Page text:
If using a breadbox, always keep the cut side of the bread facedown to prevent the air from getting into the loaf — the crust acts as its own barrier against the ingress of air and should stop it from going stale for many days.
- Avoid plastic bags
While loaves bought from your nearest supermarket might come in a plastic bag, don’t be fooled by this packaging. Not only are single-use plastic bags a terrible idea for the environment (and cutting them out an easy way to turn your kitchen into a plastic-free zone) but they’re a big no-no when it comes to sourdough bread storage. Sure, they’ll stop your bread from going moldy. However, by keeping your loaf inside them you’re sacrificing literally the best thing since sliced bread: the crispy crust.
It’s all because plastic bags aren’t breathable, which means they’re a recipe for your homebaked sourdough going completely soft.
- And stay away from the refrigerator
Another place you should keep far away from your sourdough bread is the fridge. While it’s the perfect storage facility for fresh fruit and vegetables, when it comes to bread, it’s the completely wrong location.
No, bread doesn’t last longer in the fridge. This is because fridges are great at drying the air inside, removing the moisture from your bread, and seeing it turn stale even more quickly than if it was out in the air on your countertop.
- Freeze it for longer-term storage
If you like making homebaked bread but want to ensure there’s always some on hand at a moment’s notice, then you’ll want to keep some frozen, ready for toasting. The best way to freeze sourdough bread is in slices.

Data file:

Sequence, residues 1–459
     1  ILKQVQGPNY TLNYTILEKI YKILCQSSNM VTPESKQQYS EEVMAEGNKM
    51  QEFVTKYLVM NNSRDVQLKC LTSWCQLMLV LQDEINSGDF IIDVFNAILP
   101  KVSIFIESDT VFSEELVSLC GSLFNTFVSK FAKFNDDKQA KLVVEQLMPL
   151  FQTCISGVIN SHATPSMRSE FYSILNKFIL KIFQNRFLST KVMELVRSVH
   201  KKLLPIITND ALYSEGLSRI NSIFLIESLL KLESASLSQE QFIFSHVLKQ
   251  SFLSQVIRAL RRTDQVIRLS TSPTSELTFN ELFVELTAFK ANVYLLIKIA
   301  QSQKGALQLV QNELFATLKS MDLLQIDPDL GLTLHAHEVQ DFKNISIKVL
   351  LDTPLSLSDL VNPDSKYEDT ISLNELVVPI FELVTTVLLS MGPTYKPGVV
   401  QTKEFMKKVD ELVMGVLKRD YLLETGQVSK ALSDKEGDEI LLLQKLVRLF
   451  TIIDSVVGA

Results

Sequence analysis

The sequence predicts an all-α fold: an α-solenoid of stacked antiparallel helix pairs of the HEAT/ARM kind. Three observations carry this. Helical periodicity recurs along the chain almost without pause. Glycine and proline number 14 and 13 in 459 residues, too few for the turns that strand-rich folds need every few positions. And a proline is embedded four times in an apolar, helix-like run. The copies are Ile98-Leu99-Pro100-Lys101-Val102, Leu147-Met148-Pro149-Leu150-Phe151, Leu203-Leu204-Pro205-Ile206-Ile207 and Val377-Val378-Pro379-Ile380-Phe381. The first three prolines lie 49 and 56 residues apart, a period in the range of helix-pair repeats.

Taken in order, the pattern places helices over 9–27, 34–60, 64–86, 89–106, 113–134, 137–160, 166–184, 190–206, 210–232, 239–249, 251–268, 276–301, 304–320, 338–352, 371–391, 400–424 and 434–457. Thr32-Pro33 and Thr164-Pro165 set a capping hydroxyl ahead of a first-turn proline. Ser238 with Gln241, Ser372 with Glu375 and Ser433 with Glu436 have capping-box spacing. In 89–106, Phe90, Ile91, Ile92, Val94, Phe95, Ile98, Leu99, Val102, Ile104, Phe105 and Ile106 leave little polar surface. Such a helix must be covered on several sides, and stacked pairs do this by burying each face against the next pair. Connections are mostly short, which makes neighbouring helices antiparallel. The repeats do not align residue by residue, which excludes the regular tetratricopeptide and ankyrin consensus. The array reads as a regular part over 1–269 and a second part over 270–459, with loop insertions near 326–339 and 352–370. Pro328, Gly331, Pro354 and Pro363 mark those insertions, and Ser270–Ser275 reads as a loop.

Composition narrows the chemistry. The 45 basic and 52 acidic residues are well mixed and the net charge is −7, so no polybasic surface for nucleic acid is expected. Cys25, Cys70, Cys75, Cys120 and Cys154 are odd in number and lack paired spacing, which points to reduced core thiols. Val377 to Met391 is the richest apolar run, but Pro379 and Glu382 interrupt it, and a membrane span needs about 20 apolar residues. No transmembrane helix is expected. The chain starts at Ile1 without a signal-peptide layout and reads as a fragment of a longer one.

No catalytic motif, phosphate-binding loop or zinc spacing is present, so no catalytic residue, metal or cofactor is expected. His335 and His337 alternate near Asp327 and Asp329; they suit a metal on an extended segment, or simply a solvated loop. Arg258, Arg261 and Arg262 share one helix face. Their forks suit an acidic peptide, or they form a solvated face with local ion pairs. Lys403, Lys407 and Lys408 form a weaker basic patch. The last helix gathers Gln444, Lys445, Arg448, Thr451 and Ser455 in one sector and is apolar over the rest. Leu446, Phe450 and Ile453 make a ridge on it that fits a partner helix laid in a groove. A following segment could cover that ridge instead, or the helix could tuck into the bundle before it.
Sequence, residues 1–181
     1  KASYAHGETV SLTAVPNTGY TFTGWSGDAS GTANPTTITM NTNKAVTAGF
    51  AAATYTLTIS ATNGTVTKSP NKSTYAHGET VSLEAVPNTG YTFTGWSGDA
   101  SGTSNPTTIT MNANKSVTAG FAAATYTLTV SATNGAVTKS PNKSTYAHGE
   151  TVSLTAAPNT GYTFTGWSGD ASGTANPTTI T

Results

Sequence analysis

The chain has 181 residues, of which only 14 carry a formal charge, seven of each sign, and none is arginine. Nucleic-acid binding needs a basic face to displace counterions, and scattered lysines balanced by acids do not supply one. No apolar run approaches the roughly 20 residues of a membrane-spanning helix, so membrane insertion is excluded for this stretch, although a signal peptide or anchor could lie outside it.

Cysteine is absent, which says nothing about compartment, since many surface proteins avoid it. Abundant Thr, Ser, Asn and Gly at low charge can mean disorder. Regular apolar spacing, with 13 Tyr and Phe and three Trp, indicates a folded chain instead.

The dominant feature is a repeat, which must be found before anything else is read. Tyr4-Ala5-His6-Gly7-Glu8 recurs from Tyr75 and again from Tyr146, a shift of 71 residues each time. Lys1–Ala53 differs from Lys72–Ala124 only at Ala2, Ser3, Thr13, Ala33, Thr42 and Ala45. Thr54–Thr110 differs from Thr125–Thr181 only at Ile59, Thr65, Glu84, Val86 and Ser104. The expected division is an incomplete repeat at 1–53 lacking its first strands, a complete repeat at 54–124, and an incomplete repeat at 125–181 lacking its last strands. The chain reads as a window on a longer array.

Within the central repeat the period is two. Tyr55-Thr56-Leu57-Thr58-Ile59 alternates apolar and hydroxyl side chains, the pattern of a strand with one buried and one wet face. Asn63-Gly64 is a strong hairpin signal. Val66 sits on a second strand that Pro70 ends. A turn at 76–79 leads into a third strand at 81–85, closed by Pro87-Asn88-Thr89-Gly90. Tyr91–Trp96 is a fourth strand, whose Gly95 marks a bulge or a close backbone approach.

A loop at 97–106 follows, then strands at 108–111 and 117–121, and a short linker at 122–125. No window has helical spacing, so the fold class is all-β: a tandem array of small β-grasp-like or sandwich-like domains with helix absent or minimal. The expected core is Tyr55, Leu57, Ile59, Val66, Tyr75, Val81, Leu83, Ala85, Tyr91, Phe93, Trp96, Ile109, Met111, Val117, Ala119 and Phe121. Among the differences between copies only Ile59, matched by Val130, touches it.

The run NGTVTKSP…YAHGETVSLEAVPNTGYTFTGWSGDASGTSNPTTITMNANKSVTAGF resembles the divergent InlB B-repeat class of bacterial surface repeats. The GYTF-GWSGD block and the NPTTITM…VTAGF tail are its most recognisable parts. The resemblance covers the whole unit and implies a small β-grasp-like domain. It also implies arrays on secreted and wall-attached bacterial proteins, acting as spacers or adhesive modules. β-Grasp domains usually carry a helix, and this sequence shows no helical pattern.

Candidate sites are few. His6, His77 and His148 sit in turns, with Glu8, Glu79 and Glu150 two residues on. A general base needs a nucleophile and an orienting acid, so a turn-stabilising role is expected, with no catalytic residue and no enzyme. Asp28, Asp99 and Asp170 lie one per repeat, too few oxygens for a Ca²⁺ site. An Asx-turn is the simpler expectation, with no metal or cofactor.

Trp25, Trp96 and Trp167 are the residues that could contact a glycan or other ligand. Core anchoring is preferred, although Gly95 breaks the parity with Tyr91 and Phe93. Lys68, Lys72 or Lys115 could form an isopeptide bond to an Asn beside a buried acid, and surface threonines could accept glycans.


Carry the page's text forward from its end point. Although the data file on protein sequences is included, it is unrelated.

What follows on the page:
First, allow the dough to cool completely before slicing. This is to ensure that there’s no moisture left inside the loaf that can cause condensation and ruin the crispness of the crust. Wrap the slices carefully using your beeswax wraps and pinch together the edges of the wrap to ensure that there’s no entry point for air into your bread. Once you’ve done this, pop the wrapped slices into the freezer, and voila: freshly baked bread for toasting at a moment’s notice and which should last at least a month or two.
Want to freeze an entire loaf? Allow it to cool completely and wrap it snugly in beeswax wrap as above before putting it into your freezer. When the time comes to eat it, let it defrost thoroughly on your kitchen counter overnight.
To make it as crispy and tasty as the day it was first baked, sprinkle it with water and throw it in the oven for around 15 minutes at 350°F (175°C). This should crisp the crust back up again; just leave it to cool before slicing into it and even you won’t be able to tell that the bread has been frozen since it was first baked!